I was heartbroken, because I desperately wanted to enroll in that program and had counted on being there, reporting for a newspaper in the heart of New York City, the following year. But reality set in fast for me. As a print journalist, I MIGHT have been making $40,000 per year five years after getting that degree. MAYBE. So after briefly and desperately trying to make the math work (I briefly considered buying an old RV and living in it while renting a parking space, so that I wouldn’t have to pay room and board), I threw in the towel. It wasn’t gonna work.
Personally, I haven’t regretted it for a second. In fact, I shudder to think what would’ve happen had I taken that plunge. Three years later, I had a much cheaper but equally prestigious master’s in journalism from the University of Missouri. Fifteen years later, print journalism is dead, but my loan payments would still be very much alive.
My example is similar to Elizabeth’s, but that’s about as far as it goes. Columbia ain’t Harvard, and print journalism isn’t teaching. Teaching will be alive and well for some time, and our country desperately needs good math teachers. Most important to recognize, though, is that I ditched a LOW paying profession for a well-paying one (advertising); Elizabeth’s going the other way.
After a touch of research, I can ballpark that Elizabeth’s expenses will be somewhere around $60,000 at Harvard. With interest, probably $80-85,000-ish. That’s gonna make for a loan payment of around $700-ish per month, give or take.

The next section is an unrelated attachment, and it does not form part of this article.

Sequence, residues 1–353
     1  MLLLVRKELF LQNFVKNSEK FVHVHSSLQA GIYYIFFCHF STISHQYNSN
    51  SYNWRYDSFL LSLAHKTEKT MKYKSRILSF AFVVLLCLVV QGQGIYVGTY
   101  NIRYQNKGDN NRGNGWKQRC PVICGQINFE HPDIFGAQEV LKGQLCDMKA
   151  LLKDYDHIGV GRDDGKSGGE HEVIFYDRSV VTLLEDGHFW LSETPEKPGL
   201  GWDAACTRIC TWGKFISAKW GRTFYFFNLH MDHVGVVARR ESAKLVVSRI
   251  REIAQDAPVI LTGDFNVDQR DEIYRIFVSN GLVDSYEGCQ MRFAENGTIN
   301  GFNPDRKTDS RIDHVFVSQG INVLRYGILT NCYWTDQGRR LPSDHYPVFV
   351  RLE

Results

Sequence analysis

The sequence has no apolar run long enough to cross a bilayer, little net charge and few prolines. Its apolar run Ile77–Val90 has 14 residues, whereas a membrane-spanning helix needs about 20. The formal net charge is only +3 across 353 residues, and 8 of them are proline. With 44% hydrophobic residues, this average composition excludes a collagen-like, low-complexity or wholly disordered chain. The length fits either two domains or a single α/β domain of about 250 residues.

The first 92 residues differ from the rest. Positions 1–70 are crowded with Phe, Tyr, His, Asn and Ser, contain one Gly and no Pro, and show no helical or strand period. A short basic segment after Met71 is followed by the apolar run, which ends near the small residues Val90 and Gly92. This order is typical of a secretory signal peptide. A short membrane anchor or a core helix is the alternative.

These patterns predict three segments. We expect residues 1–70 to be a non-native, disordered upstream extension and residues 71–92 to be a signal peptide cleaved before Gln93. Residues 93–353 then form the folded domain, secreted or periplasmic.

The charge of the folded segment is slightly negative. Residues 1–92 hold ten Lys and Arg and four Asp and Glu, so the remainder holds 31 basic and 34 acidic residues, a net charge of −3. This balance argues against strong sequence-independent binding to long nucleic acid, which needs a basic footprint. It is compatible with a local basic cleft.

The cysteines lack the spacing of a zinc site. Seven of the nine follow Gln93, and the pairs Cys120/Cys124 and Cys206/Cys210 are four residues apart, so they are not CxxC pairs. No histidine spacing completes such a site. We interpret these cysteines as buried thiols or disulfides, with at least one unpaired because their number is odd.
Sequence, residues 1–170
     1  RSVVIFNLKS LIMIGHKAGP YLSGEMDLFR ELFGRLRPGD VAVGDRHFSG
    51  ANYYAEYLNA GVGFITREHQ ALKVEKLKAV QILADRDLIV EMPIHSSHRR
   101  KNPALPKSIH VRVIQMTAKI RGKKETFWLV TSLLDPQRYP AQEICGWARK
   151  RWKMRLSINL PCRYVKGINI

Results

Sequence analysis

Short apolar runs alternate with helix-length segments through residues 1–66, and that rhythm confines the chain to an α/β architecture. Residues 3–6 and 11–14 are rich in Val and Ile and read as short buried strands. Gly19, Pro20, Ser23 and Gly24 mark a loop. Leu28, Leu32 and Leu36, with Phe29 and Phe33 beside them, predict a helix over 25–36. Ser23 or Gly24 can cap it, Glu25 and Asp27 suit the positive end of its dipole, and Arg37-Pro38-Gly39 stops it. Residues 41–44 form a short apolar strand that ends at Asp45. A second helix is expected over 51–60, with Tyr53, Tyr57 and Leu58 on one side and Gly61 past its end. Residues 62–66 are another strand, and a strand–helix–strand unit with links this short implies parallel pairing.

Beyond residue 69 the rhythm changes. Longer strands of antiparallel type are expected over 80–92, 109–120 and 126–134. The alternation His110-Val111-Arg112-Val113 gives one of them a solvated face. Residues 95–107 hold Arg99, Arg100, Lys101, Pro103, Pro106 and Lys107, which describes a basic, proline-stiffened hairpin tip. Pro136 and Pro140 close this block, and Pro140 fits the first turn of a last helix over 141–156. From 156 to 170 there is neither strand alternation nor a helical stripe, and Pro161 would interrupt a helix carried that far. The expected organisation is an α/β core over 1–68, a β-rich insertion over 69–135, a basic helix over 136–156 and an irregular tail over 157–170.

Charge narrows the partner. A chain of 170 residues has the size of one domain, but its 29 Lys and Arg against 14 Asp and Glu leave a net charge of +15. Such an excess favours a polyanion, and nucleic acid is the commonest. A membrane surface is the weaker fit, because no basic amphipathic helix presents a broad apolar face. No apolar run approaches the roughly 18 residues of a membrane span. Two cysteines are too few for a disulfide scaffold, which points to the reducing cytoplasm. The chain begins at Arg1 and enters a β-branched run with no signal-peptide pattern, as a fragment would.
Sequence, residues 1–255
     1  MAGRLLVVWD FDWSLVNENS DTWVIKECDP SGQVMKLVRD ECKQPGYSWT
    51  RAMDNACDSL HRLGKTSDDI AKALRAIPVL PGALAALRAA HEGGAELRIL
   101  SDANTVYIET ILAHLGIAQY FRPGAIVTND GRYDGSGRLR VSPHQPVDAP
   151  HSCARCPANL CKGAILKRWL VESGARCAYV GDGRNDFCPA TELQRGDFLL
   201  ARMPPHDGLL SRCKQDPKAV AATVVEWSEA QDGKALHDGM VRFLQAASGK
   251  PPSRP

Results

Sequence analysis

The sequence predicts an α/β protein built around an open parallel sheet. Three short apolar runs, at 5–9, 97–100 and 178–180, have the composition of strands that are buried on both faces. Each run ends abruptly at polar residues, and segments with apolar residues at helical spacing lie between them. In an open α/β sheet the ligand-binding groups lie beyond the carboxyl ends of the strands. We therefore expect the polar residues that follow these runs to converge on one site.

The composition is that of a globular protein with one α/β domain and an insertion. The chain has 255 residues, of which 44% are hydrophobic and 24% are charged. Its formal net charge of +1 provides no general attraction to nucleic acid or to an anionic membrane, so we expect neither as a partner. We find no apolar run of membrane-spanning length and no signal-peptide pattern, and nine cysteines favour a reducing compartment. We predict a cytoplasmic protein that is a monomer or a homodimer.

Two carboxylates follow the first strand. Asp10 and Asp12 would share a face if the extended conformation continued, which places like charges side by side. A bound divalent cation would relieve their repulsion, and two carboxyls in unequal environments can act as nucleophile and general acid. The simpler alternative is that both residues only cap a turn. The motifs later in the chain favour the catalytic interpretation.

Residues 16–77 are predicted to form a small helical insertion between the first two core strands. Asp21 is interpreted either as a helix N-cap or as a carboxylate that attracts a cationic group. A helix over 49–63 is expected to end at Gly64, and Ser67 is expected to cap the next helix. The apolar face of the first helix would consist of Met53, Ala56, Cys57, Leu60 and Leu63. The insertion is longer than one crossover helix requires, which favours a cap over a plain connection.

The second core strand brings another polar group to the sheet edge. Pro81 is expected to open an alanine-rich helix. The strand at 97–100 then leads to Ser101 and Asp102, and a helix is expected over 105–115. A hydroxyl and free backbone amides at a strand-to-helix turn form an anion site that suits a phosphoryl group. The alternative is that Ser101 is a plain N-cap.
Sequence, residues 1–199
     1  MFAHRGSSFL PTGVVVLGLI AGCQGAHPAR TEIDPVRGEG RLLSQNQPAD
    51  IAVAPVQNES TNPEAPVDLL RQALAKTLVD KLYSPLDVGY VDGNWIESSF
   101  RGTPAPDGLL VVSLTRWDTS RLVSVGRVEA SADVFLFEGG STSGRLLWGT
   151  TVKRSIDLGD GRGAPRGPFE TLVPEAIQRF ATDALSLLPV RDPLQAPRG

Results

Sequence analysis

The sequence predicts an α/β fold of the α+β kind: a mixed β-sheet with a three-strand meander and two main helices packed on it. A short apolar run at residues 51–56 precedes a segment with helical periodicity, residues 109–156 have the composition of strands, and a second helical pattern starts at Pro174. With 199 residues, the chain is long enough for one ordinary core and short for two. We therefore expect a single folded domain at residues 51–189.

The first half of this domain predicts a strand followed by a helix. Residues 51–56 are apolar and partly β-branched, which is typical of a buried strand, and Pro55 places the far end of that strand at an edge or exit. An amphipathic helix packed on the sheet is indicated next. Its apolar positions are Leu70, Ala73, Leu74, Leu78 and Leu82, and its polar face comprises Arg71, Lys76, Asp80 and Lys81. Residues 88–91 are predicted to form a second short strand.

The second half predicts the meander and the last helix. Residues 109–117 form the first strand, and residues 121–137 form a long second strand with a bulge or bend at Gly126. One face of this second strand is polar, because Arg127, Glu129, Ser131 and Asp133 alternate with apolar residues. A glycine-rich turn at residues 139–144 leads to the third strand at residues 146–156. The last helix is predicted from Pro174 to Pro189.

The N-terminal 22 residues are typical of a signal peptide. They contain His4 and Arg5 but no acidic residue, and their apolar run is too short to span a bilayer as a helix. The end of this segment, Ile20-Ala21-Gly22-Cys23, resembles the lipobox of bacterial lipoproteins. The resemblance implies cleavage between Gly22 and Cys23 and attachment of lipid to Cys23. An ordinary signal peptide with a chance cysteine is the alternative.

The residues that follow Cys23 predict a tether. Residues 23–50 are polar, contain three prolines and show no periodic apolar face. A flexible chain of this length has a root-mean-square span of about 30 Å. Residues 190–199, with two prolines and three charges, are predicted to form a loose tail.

In the end, Elizabeth has to weigh whether it’s worth it. For me, it probably wouldn’t be — half because I’m cheap, and half because I’m arrogant and hard to convince that other people have things to teach me (and I’m not bragging about either quality). But on the intangible side of things: you never stop being a Harvard grad, and that means a lot to a lot of people. The connections she makes there are probably better than any she’ll make elsewhere. And let’s not ignore the fact that, if she doesn’t like teaching after all, she can probably find another high-paying job like she has now.
Would I be missing out on a once in a life time opportunity if I opted to jump right into teaching (by getting my teacher’s certificate)? I think I might…
The opportunity to attend Harvard is a rare one, no doubt about that. I would say, just do your best to visualize the actual benefits of that Harvard education, the changes and opportunities it’ll bring about, and how long they’ll last. If you put those all together in an equation vs. the $80K you’ll be paying back and they outweigh it, then go for it.
Also, don’t forget to consider your own psyche in the equation. You know yourself better than anyone here does. If you pass up the opportunity to go to Harvard, will it stick in your gut like a shard of glass, the feeling of missed opportunity? Or will you blow it off and never look back? Saving money is one thing, but not the only thing. You’ve gotta keep your mind right. Plus, you’re obviously a girl who knows how to make money, so Harvard or not and teaching or not, I don’t have the feeling that you’ll be struggling to make ends meet, whatever it is you decide.
Do I even deserve scholarships/grants because I want them for such an expensive school?
Hell yes! Finally, an easy question! 🙂 What you “deserve” has nothing to do with the price tag of your school, in my opinion. Or, honestly, how much money is in your bank account, in your check every two weeks, etc. You’re giving up a lucrative career for a public-service career, in an area where our country desperately needs the help. You deserve to be rewarded for it. End of discussion.
I just wanted to let you know where I was coming from- but again, thank you SO MUCH (and thanks to all your readers) for giving me some advice. I truly appreciate it.
You’re welcome. I’m guessing they have more to say on the matter? Don’t let me down here, people. Let’s hear your opinion.
What should she do now?
(To send Elizabeth to Harvard, turn to page 46…)
(To keep Elizabeth at her day job making sweet bank, turn to page 78…)